If you are concerned about these kinds of injections, you might want to experiment with a couple of browser extensions. These are not new. Many of these tools were created years ago to stop pop-up ads from appearing on your screen. They have gotten new attention recently because many ad networks want to get around the ad blockers (so they can continue to make money selling ads). But you can use these tools to augment your browser security too. If you are interested in trying one of them out, here is a good test of a variety of ad blocker performance done several years ago. There is another comparative review by LifeHacker which is also several years old that focuses on privacy features.
I was interested so I have been running two of these extensions lately: Privacy Badger (shown here) and Ghostery. I wanted to see what kind of information they pick up and exactly how many third-parties are part of my web transactions when I do my banking, buy stuff online, and connect to the various websites that I use to run my life. The number will surprise you. Some sites have dozens of third-party sites contributing to their pages.
Privacy Badger is from the Electronic Frontier Foundation, and is focused on the consumer who is concerned about his or her online privacy. When you call it up onscreen, it will show you a list of the third-party sites and has a simple three-position slider bar next to each one: you can block the originating domain entirely, just block its cookies, or allow it access. Ghostery works a bit differently, and ironically (or unfortunately) wants you to register before it provides more detailed information about third party sites. It provides a short description of the ad network or tracking site that it has discovered from reading the page you are currently browsing. The two tools cite different sites in their reports.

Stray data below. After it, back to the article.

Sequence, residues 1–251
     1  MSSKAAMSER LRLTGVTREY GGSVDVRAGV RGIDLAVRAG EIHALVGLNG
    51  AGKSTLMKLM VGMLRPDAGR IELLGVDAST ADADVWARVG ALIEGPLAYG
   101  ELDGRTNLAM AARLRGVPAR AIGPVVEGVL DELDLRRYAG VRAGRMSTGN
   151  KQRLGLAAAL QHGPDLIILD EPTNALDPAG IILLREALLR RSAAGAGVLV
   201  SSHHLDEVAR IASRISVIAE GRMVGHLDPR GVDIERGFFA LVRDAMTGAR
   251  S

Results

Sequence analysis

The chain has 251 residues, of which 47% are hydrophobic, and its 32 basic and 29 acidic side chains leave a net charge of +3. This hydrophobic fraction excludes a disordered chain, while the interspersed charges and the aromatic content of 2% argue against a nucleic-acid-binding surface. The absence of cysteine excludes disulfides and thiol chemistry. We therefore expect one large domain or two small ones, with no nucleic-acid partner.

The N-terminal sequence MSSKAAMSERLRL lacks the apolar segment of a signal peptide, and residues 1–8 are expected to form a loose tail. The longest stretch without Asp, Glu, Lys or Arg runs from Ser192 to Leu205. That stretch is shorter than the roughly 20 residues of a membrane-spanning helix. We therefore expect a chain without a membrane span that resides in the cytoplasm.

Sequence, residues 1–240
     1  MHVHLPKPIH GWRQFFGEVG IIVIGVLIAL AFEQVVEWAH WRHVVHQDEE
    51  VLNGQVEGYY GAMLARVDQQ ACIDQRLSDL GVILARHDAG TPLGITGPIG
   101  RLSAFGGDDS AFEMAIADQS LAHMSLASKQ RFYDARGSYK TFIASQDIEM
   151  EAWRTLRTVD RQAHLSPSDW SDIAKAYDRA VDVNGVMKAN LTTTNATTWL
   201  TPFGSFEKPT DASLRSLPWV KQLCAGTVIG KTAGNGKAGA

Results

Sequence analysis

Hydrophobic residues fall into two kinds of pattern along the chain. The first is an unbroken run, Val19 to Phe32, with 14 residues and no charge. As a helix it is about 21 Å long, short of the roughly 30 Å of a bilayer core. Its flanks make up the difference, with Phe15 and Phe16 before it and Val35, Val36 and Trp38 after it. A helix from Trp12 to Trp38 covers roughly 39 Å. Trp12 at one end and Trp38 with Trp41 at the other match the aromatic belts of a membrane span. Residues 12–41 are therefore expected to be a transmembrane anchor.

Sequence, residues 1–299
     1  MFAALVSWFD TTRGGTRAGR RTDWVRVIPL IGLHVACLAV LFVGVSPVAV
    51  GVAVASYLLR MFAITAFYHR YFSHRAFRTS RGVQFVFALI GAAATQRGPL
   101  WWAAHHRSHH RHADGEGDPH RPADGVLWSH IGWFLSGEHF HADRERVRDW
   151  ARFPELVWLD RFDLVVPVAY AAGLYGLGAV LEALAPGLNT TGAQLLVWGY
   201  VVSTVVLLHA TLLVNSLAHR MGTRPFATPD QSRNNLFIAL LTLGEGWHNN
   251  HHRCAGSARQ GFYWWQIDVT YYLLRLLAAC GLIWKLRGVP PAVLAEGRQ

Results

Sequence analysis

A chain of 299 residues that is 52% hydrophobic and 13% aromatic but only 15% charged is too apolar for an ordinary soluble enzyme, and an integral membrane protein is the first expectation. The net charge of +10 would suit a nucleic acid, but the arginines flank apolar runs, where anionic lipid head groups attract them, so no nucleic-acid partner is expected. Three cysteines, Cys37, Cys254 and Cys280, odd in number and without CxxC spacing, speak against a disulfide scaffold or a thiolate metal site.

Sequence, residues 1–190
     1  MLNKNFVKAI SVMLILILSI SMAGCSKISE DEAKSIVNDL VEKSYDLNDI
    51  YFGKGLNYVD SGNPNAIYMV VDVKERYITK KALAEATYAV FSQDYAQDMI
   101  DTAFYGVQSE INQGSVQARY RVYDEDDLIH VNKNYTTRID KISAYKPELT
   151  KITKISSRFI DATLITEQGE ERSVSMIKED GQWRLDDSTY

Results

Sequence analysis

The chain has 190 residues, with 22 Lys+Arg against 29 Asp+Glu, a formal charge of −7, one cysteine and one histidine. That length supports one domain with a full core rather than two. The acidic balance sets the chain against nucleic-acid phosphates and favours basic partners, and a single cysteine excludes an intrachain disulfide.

There are some small signs of hope on the horizon. An Israeli startup called Source Defense is in beta; they will secure your website from malicious third-party script injections such as keylogger insertions. I saw a short demo of it and it seems promising. Browsers are getting better, with more control over pop-ups and third-party cookies and blocking more obvious malware attacks. Although as browser security controls become more thorough, they also become more difficult to use. It is the nature of the Internet that security will always chase complexity.
In a recent LinkedIn post, Kyle Cassidy proposed Why ‘Content Marketing’ Needs to be Killed Dead and Buried Deep. Cassidy is a former ad agency content marketer who has grown tired of the term and wants to see it retired. His well-written – and somewhat tongue-in-cheek – post gives some solid reasons why the term should be put out of its misery, including over-inclusive usage that renders it meaningless, not unlike the cutesy names that are now applied to departments that used to be called “personnel” and “marketing.” Given that our hosts both come from a long-standing journalism tradition in which the quality of our words was Job #1, he does have some salient points to consider.